Daily Telegraph: Tax bill rebels furious over Shell
'£2bn saving': "Shell's controversial merger to create a
single corporate entity called Royal Dutch Shell is
understood to have saved the oil giant as much as
£2billion while leaving some of its British investors
with a £77m tax headache.": Friday 9 September 2005
By Christopher Hope, Business
Shell's controversial merger to
create a single corporate entity called Royal Dutch
Shell is understood to have saved the oil giant as much
as £2billion while leaving some of its British investors
with a £77m tax headache.
The news was greeted with anger by
rebel British holders in Royal Dutch Petroleum, who
are refusing to accept the terms of the merger with
Shell Transport and Trading in protest.
|Jeroen van der
The Association of Private Client
Investment Managers (Apcims), which has been campaigning
on behalf of the British investors, said: "We have had
more than one report that advisers said the construction
saved the company more than £1billion."
Julian Mathias, a private investor
controlling a £70,000 holding in Royal Dutch, said he
asked an adviser from Slaughter & May at the company's
annual meeting in late June why British holders in Royal
Dutch were being left with a large capital gains tax
Mr Mathias said: "The lawyer said it
was on the grounds of cost that they did not have a tax
efficient solution for UK holders of Royal Dutch. When I
asked how much are we talking about, he said
Angela Knight, Apcims' chief
executive, said some members believed Shell had saved
the money on its stamp duty bill from the transaction.
"Shell has saved money so it has a responsibility to
help right the wrong of leaving individual holders with
a large tax bill," she said.
Brokers with clients who are holding
out agreed. David Hunter, director of Smith &
Williamson, said: "The fact that there was a saving of
over £1billion shows that Shell thought it was something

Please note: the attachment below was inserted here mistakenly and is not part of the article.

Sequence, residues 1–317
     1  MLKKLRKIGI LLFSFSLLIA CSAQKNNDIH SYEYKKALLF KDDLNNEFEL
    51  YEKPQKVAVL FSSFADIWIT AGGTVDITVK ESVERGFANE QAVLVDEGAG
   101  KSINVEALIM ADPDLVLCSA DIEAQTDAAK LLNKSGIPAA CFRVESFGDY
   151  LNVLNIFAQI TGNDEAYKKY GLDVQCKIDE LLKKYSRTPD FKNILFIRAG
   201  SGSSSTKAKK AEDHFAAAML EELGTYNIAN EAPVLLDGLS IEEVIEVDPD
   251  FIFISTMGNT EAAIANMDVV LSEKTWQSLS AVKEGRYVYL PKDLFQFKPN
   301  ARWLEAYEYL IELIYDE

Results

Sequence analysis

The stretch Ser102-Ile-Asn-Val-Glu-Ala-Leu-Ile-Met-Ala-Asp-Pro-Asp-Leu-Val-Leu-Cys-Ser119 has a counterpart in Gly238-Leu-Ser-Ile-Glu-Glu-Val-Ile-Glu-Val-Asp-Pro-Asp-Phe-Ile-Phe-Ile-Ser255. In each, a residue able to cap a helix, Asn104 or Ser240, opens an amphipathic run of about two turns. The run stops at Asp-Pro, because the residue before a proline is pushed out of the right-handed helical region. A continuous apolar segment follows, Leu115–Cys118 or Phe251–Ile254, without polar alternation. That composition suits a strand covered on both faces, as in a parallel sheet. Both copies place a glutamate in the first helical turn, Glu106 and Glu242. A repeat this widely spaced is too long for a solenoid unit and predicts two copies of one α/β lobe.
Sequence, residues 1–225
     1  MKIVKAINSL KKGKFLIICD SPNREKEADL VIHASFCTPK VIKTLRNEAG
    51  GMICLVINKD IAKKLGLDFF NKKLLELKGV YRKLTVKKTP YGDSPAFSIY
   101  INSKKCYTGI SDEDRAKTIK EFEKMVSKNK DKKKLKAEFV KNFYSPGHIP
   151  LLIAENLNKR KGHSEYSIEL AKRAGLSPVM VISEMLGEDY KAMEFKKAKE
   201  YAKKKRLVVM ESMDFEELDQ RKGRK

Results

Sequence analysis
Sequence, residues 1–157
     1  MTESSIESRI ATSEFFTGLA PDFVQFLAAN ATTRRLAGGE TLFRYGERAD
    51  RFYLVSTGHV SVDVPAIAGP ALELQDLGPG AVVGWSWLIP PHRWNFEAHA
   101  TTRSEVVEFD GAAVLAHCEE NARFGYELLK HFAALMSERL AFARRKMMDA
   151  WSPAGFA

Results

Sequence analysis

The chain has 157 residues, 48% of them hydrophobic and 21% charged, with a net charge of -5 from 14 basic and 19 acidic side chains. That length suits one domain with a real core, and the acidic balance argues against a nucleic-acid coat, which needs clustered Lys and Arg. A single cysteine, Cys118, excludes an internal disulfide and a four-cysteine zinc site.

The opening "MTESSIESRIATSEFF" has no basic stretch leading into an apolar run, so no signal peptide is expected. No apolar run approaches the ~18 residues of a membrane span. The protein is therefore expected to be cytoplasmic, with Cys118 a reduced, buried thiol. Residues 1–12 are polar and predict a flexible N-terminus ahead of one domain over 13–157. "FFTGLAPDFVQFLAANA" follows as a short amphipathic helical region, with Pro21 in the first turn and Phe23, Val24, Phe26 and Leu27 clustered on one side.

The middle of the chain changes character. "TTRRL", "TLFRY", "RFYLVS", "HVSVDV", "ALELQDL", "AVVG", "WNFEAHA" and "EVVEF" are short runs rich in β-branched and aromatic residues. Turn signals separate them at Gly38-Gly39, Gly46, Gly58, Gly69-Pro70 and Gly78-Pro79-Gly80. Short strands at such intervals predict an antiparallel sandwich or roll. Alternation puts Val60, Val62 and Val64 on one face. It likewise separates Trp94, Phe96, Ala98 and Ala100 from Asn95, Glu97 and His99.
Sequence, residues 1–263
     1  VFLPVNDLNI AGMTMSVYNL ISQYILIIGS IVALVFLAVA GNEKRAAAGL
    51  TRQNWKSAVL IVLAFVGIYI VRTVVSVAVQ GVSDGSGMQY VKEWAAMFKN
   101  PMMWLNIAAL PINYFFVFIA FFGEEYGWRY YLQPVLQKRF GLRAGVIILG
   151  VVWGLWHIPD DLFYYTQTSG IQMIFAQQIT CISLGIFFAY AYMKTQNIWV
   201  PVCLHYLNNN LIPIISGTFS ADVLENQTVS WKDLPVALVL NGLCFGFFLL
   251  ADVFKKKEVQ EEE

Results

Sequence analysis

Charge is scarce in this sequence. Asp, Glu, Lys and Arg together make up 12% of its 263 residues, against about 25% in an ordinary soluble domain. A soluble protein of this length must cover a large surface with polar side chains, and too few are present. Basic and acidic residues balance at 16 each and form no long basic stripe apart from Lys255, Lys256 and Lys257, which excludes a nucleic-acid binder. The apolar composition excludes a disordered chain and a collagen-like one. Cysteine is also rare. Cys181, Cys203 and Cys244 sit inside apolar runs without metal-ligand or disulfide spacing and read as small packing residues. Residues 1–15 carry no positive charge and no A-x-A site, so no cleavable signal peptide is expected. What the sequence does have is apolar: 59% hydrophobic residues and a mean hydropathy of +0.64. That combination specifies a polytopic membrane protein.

worth saving. They knew that the British holders were
going to be screwed.
"The problem is that their duty is
to act for the greater good of the company and if some
of the shareholders get crushed then that is life. The
next step for the refuseniks is to sit tight and wait to
see what happens. There is no reason why they cannot
offer a standard share swap."
Charlotte Black, director at Brewin
Dolphin, added: "That [£1billion] is a considerable
amount. From the company's point of view the saving is
good news for them. But we would have thought that on
the strength of that Shell might find some sort of
solution." Around 1.3pc of the holders in Royal Dutch
have failed to accept the terms of the merger. Shell's
directors will consider what offer, including a cash
squeeze out or a share swap, to put to the refuseniks at
this month's board meeting.
Apcims has told Shell, whose chief
executive is Jeroen van der Veer, that it believes a
precedent was set when Britain's Reckitt & Colman bought
Holland's Benckiser five years ago. Reckitt made an
offer for Benckiser which was not acceptable for some of
the Benckiser shareholders.
Once the original offer was timed
out, a further two options were presented to
shareholders which had not accepted: a cash offer
through a squeeze out, and a share exchange. "We fail to
see why Shell cannot adopt a similar procedure," Ms
Shell said: "We never comment on
rumour and speculation. As we've consistently said, this
transaction is broadly tax neutral for the group and
does include the payment of stamp duty. We never comment
on the details of the amount of tax paid."